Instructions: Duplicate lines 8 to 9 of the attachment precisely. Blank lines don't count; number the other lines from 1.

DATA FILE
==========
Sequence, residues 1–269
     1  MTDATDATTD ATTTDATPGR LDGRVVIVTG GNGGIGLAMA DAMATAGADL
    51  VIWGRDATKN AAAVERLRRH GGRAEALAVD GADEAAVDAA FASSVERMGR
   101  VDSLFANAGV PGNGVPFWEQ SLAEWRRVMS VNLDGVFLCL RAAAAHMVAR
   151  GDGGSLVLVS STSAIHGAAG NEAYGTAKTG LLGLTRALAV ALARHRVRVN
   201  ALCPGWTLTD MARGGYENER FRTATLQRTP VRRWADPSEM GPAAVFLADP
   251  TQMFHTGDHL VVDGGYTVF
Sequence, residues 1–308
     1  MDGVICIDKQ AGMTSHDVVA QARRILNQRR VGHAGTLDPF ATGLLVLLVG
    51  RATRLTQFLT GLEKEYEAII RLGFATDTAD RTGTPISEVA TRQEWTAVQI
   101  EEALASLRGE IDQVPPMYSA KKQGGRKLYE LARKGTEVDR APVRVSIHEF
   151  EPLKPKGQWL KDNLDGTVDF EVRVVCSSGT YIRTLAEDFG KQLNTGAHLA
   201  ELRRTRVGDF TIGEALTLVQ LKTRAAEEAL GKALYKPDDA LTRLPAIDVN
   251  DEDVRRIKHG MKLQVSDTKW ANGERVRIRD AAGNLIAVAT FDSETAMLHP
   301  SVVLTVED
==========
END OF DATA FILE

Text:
Sequence, residues 1–308
     1  MDGVICIDKQ AGMTSHDVVA QARRILNQRR VGHAGTLDPF ATGLLVLLVG